Literature-list: A set of Literature that you would be putting in your reading list (can be research papers, blog articles, surveys, etc.). This is very different than building a citation list in a Collection, which I personally feel doesn’t make much sense. This is because you are still not sure whether the papers inside your Collections will at all be a part of your citations, and if yes then for which “future” papers. Hence, literature-list helps you to organize all the research papers that you would want to review in the future together with what you have already studied. Every literature that you would want to read is provided with a pre-filled but customizable Review Template which I will be elaborating in a follow-up article. The purpose of the Review Template feature is to help the researcher to ask the right kind of research questions as they read a paper and then to document the key takeaways, based on those questions, in a focused manner.

If I can take the liberty of digressing a bit, I would like to draw your attention to the fact that many times you would need to clarify certain concepts not by reading another dense research paper but rather by “RAxing up” (a feature we will discuss at length later) various resources such as Wikipedia articles, conference talks, online lectures, and research magazines. Surely you would also want to clip the right ones with the paper at hand as references so that you do not lose them for your personal future referencing. Note that this is very different than the reference manager-styled references (or rather citations) that you would want to keep in your final paper that you would be submitting at some venue. And that’s exactly why RAx has the Reference feature which will be elaborated in a future article.

In short, RAx makes a clear distinction between references, literature-list, and citations based on their respective use-cases.

Structure of Literature list in RAx

Coming back to literature-list, on several occasions you will be discovering many other papers as you are reading a particular paper at hand. This exploration may either happen inside RAx by RAxing-up research papers or outside of RAx in which case you can bring them in by attaching their website URLs as references. Some of these papers can be very related to the peripheral themes of the paper, without having anything to do with the core theme. These papers need a separate bucketing for future referencing and hence, it is not a good idea to collect them in the same literature-list where your core papers are. All such papers can be attached in the reference-list specifically created for every paper that you read from the literature-list. Of course, you can add a few of these papers to the literature-list if you think they need to be reviewed in details.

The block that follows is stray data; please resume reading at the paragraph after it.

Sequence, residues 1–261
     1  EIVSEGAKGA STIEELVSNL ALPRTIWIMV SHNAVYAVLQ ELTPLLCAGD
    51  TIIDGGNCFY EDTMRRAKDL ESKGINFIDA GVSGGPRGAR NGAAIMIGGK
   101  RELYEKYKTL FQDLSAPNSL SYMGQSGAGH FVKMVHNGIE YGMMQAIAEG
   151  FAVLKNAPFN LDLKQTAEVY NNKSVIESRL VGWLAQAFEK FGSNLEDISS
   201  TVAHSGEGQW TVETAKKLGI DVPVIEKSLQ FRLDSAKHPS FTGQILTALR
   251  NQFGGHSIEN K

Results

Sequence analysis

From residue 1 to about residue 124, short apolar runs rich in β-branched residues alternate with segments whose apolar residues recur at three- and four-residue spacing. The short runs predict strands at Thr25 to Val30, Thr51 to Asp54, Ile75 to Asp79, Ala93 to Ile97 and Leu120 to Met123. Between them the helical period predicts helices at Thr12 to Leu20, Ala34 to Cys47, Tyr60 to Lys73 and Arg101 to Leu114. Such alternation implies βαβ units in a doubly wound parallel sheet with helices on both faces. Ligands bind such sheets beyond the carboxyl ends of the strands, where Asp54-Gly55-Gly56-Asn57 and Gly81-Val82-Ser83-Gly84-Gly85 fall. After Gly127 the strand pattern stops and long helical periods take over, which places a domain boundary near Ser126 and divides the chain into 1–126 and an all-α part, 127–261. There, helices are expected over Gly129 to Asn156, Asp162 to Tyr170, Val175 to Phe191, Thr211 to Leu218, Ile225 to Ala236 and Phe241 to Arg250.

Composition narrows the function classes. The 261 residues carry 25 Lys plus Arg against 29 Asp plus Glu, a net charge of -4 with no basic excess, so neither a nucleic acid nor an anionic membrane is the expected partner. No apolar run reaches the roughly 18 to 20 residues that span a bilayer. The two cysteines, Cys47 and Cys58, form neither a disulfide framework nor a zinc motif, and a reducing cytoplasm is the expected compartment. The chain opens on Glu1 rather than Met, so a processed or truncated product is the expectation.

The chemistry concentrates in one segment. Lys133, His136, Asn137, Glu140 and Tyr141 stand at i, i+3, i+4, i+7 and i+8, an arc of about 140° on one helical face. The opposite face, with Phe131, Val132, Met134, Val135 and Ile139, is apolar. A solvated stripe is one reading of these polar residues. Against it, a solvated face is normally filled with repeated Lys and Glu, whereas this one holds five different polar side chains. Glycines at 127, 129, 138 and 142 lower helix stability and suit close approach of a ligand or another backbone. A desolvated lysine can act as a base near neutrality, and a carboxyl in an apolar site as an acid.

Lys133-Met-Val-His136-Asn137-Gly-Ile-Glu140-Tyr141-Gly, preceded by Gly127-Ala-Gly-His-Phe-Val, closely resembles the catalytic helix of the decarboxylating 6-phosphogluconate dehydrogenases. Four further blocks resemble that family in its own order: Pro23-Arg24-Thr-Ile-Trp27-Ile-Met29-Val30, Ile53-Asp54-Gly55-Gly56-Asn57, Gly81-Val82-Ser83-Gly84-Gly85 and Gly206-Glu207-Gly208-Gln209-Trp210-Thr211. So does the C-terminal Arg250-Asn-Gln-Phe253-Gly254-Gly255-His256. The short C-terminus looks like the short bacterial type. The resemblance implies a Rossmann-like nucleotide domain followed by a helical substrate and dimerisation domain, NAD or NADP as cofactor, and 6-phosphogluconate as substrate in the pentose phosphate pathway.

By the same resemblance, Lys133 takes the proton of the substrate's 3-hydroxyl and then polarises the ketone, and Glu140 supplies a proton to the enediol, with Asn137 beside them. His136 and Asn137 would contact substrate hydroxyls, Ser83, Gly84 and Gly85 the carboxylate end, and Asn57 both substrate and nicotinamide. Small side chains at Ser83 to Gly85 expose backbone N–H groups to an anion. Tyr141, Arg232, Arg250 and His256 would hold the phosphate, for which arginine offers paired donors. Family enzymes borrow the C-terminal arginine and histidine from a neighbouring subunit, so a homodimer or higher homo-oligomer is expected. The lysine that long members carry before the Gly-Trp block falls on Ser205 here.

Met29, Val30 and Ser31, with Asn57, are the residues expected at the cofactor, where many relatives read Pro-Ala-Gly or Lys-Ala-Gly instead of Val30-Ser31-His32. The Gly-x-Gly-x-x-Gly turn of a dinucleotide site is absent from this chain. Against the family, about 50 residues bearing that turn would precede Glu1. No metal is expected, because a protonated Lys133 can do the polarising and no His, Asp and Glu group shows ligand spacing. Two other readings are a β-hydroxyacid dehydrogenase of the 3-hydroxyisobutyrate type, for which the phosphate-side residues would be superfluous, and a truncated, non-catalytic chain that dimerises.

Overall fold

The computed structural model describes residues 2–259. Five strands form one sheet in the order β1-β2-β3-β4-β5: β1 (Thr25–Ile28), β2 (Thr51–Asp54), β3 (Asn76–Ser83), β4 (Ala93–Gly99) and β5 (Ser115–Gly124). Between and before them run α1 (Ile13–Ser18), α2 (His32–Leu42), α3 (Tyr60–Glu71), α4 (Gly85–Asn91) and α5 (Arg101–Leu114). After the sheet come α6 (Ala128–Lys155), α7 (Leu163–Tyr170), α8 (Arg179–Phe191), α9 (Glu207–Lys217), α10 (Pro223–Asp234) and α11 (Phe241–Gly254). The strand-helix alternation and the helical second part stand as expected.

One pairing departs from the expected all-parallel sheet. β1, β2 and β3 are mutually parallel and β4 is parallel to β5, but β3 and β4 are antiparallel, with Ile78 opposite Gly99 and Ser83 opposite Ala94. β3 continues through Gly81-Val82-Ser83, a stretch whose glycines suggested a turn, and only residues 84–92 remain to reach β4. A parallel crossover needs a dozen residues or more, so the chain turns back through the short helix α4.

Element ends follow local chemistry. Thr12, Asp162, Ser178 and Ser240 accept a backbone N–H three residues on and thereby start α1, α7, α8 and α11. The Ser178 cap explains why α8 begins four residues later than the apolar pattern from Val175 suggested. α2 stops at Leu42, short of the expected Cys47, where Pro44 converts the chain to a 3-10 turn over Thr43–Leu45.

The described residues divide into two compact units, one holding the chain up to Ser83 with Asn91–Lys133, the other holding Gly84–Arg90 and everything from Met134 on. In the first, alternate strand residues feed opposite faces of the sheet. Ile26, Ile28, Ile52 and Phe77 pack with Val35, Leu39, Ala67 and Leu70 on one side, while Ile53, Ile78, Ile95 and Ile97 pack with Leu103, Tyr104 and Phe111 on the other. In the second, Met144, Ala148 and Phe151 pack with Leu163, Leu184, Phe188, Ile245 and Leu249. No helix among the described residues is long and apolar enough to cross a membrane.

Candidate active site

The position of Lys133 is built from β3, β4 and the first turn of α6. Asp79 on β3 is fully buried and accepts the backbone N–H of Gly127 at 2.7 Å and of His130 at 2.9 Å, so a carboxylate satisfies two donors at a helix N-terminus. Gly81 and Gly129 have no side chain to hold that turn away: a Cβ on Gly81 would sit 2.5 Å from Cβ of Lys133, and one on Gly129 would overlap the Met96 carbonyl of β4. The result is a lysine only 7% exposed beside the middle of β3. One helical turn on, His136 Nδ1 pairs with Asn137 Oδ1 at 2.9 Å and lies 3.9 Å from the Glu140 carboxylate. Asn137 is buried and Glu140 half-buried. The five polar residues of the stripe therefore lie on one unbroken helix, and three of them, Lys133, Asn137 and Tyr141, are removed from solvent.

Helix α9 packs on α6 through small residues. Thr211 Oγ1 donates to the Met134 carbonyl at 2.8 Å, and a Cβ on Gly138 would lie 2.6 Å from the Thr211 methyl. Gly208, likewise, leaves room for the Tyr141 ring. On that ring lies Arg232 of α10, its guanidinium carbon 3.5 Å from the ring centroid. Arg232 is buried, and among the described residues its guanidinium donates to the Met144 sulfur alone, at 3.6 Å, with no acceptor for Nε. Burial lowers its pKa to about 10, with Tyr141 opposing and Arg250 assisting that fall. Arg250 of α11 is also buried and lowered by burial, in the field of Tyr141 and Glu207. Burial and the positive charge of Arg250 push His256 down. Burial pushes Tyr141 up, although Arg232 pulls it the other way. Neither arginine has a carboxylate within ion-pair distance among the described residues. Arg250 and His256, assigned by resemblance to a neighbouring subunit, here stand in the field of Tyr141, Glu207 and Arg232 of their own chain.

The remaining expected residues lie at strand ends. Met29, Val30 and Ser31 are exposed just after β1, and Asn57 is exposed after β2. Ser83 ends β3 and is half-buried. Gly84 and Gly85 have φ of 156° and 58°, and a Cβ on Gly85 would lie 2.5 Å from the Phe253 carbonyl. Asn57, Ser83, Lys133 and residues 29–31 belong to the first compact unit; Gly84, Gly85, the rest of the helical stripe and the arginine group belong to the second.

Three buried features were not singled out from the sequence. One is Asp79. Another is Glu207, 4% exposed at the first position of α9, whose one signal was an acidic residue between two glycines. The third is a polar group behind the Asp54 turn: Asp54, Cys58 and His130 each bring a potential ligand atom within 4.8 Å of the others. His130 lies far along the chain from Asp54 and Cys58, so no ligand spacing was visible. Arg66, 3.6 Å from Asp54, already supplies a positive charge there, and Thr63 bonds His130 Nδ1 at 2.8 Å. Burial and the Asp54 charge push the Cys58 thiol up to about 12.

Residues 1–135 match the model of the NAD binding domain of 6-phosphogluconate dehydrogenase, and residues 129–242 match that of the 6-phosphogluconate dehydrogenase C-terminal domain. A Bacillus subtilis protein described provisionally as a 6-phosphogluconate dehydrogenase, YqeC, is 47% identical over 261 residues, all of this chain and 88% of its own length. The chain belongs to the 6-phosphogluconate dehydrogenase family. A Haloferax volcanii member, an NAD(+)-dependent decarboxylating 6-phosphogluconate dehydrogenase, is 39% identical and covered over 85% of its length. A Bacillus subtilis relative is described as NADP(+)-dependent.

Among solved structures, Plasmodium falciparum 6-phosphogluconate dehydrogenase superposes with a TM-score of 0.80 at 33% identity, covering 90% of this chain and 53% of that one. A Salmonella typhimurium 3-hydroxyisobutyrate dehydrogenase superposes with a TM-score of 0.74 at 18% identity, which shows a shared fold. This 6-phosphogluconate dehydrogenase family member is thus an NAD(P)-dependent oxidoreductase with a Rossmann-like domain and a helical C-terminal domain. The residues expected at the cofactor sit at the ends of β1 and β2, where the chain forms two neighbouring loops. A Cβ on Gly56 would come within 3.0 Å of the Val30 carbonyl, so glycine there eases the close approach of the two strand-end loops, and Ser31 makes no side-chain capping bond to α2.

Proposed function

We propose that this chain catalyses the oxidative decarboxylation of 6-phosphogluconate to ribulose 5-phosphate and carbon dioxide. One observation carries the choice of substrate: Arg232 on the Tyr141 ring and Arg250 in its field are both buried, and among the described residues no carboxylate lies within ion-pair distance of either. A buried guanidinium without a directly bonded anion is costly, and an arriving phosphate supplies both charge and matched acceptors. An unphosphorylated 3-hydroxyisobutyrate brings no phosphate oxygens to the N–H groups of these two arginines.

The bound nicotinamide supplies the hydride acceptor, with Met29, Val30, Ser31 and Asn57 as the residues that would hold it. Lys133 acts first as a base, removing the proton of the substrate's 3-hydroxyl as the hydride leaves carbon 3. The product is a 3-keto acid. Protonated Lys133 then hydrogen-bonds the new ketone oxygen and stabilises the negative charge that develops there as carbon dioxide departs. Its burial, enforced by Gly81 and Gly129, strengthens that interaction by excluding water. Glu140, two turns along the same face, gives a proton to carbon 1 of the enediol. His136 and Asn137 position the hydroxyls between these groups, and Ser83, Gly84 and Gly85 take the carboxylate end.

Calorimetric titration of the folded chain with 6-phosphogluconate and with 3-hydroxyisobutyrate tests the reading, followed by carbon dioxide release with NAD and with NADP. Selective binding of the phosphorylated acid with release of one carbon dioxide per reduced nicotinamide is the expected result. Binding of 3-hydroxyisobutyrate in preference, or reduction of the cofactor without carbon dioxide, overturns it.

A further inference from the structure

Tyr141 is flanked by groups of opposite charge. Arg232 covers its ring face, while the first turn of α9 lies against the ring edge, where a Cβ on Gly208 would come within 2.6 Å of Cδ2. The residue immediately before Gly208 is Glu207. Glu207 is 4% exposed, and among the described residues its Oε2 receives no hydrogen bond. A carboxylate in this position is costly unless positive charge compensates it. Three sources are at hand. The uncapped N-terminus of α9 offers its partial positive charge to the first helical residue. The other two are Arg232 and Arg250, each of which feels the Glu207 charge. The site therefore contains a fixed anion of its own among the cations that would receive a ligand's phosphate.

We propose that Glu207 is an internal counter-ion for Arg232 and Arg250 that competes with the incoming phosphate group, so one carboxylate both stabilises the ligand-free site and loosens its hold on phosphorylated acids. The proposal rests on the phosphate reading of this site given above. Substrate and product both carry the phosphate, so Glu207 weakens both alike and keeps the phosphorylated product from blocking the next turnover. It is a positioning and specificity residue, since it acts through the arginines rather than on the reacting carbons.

Some of these [explored] papers can be very related to the peripheral themes of the paper [that you are studying], without having anything to do with the core theme. … [they] need a separate bucketing for future referencing.

It is also true that many of the papers in your literature-list that you are studying or have studied will not ultimately be part of your citation list for the paper that you are about to submit. And that’s where the second component comes handy — Drafts.

Draft-list: A set of Drafts that would comprise of all your work-in-progress. This can be categorized into the following (but not limited to):

  1. Key research questions
  2. Rough half-baked ideas
  3. To-Do lists
  4. Experimental design, observations and analysis
  5. Meeting notes and minutes
  6. Personal blogs, and of course
  7. Drafts of your papers that you finally wish to submit at some venue.
Structure of Drafts in RAx

The emphasis is primarily to help you in your work-in-progress and the effort is by no way to replace all the wonderful Latex Editors (offline and online) that exist for final draft preparation. With draft-list you can create, open up and switch between several drafts in different tabs, each of its own purpose-specific category, just like how you work with a web browser. You can create your own clickable draft outline templates for every category, which you can reuse for other projects. And while you are working, you can RAx-up various resources, including research papers. You can attach some of them with that specific draft as part of the draft’s reference-list for future citation purpose when you will be converting the draft into a paper for submission. So, every kind of draft can have its own relevant resources attached as references either for future personal use or for future citation purpose.

Drafts and Literature features work in tandem — one compliments the other. We read, we understand, we analyse, we connect, and then we formulate interesting research questions while putting down our own ideas. And then, on the basis of that, we meticulously crystallize our ideas, formulate an approach or rhetoric, maybe run some experiments or provide argumentation or evidences to support our approach, … and then finally start working on our paper. RAx is getting dressed up to cover this entire research life-cycle. In the next article, I will be elaborating on the use-case of the Literature Review feature.